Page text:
It does strike me as a bit of a poor example really. The dimensions are hardly representative of a large ocean.

My computer seems to refuse to view PDFs, so forgive me if the point has been addressed in any of the articles linked to here.
 
  • #10
LURCH
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Yeah, I agree that the model and the one observed example leave a huge gap to leap when we try to model ;arger waves in the deep ocean. However, haven't geologists found evidence of wave impacts at hundreds of meters in altitude on both the Hawian and Coastal mountain ranges?
 
  • #11
matthyaouw
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LURCH said:
However, haven't geologists found evidence of wave impacts at hundreds of meters in altitude on both the Hawian and Coastal mountain ranges?
I can't remember where I heard this, but some believe that other factors like local uplift and subsidence can account for the sediment found on the Hawaiian Islands.
 
  • #12
Amp1
MEGA TSUNAMI DISASTER that faces the US

I also saw the program on discovery and posted about it under my first member ID Amp (since then I haven't been able to use it-forgot password). But getting back to the topic, the mega tsunami would be caused by a large hunk of the island plunging in to the ocean. This break off of a chunk of the island is caused in part by the active volcanism in the island, there are vertical shafts through out a fairly large area of the island - centrally located which are filled with or partially filled with water (from the last eruptive cycle of the islands volcano), what has been posited to happen is in the event of a new upwelling of magma, this water would be super heated, turning into steam under tremendous pressure because the previously mentioned vertical shafts are capped. The pressure of this steam it is thought will be great enough to cause huge areas of the island to slough off falling into the ocean on either side of the island this is what would generate the tsunamis. These tsunamis would indeed spread like a ripple similar to throwing a stone in a pond but once they reached the continental shelf traveling to the east coast of the US, they would behave like the waves that come ashore at Hawaiis' famous shores, towering as they build up to a crest. :surprised :eek: :eek:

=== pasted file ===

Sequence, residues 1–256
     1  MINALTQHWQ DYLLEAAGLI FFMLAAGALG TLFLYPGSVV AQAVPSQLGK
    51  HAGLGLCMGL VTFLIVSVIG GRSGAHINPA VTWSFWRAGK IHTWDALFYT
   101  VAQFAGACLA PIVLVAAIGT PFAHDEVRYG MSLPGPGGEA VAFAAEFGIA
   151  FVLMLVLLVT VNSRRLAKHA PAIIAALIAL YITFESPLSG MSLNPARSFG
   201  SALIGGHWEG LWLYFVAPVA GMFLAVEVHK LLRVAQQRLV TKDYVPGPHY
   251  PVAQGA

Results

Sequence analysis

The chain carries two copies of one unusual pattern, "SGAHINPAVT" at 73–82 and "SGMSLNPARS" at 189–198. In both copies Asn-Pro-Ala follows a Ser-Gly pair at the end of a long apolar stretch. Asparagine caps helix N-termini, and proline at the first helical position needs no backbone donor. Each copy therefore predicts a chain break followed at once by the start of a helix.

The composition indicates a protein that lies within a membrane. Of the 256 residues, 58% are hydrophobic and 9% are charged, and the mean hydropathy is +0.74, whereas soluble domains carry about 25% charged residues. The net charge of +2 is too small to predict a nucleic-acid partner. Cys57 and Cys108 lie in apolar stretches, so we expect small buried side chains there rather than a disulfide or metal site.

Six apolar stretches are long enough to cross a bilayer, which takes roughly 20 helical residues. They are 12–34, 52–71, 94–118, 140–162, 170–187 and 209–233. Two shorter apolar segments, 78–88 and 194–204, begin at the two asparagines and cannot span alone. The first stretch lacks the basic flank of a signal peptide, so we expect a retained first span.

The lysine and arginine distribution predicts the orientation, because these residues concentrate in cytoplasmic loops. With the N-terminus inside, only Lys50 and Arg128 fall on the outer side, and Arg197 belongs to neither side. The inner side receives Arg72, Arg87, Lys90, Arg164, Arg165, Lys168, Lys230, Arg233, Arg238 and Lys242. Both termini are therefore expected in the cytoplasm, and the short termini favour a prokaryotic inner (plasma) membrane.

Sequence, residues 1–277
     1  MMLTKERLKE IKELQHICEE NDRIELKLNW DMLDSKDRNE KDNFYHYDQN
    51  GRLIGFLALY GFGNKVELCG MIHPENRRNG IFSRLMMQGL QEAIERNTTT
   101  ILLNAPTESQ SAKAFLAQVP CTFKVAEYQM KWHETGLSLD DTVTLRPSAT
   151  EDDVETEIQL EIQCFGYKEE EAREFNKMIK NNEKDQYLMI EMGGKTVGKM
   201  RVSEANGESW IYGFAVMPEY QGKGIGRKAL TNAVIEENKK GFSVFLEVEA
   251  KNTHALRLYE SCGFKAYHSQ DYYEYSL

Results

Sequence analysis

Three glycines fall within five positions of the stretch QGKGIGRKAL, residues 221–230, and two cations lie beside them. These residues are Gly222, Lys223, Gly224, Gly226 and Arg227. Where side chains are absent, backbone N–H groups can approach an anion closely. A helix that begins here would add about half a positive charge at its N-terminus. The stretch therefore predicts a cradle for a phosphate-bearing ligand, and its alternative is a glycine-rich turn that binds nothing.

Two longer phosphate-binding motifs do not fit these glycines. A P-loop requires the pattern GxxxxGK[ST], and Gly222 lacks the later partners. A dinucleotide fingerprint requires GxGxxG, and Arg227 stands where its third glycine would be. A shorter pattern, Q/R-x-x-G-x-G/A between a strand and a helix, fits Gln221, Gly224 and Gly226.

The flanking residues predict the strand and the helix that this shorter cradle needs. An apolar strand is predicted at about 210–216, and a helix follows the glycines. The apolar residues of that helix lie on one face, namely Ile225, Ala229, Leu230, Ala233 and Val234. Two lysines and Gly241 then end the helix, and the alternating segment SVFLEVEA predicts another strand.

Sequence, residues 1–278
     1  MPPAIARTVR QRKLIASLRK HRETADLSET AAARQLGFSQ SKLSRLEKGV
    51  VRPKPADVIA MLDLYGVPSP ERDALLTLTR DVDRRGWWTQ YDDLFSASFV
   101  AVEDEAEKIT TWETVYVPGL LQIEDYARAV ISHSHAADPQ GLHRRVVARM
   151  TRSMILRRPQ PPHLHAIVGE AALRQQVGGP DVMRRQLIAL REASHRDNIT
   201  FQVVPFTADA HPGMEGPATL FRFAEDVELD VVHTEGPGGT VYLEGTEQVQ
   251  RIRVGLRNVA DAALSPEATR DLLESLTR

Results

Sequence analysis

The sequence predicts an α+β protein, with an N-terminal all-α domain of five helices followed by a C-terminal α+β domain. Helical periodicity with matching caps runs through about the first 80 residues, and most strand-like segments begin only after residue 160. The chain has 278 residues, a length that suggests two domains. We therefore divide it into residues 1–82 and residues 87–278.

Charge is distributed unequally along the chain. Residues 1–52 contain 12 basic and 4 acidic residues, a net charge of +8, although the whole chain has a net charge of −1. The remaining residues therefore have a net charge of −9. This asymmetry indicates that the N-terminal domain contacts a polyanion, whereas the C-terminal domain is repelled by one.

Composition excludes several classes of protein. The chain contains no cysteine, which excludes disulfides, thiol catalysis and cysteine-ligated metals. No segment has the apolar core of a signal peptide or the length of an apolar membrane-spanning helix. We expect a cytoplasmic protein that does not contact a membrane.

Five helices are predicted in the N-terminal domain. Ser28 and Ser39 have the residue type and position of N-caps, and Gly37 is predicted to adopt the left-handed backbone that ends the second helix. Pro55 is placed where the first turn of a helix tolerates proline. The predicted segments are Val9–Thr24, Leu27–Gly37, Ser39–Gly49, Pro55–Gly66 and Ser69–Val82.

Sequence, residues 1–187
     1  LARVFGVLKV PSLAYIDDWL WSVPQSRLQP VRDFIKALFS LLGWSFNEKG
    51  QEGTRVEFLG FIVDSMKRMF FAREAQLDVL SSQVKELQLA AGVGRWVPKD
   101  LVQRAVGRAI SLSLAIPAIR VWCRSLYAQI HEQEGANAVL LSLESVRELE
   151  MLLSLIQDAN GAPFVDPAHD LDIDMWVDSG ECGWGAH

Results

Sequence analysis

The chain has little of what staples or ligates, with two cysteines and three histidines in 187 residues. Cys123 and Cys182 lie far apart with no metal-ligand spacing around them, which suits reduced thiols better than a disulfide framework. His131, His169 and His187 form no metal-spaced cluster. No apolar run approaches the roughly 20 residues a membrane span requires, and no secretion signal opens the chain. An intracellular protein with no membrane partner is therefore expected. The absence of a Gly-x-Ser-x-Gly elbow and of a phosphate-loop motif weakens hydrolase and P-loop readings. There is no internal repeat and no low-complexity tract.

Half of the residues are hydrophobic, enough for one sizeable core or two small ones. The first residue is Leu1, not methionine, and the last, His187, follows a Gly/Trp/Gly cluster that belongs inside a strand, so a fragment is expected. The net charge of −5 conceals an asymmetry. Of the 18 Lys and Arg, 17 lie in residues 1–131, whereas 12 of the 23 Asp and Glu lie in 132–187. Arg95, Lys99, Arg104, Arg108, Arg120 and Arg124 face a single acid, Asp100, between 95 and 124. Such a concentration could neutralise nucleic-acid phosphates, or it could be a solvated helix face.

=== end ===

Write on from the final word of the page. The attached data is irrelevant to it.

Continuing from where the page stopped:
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  • #13
LURCH
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matthyaouw said:
I can't remember where I heard this, but some believe that other factors like local uplift and subsidence can account for the sediment found on the Hawaiian Islands.
Just saw http://www.soest.hawaii.edu/SOEST_News/News/AGU2003/gfryer.htm [Broken] which talks about evidence of marine fossils at over 1,000 ft altitude in an area where the rate of uplift is considered to be pretty well undeerstood, on the island of Kohala.
 
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  • #14
matthyaouw
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Interesting, thanks. A megatsunami does seem to be the most probable cause.
 
  • #15
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It's technically not a megtsunami, but it's still pretty big.
Around 8100 years ago, one of the largest landslides in the world occurred at Storegga, 100 kilometres north west of the Møre coast. An area the size of Iceland slid into the Norwegian Sea.
The slide, which ended up at a depth of 300-2500 metres, created a 10-20 metre high tidal wave that reached the Norwegian coast.
The mass slid around 800 kilometres into the deep sea, and its back edge is around 300 kilometres long. The Ormen Lange field is in the middle of the depression left behind by the Storegga slide and is close to the steep slide edge which rises 200-300 metres up towards the continental shelf.

From http://www.ormenlange.com/en/about_ormen/key_features/storegga_slide/ [Broken]
 
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  • #16
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However, it was the largest recent continental slope landslide on record with 3500+ cubic kilometers and may have caused the indications that we interpret as the Holocene 8100bp cold event. Furthermore the preceeding clathrate decomposition killed the mammoths:

https://www.physicsforums.com/showthread.php?t=80137
 
  • #17
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I think I saw the documentary in question and it left me with a couple of questions.
Surely what would be as important as the volume of rock is the speed at which it moved? The model they were using to demonstrate this event looked to me as if it could just slide gracefully into the sea. It could only reach a decent speed by accelerating couldn't it? Wouldn't this cause it to break up?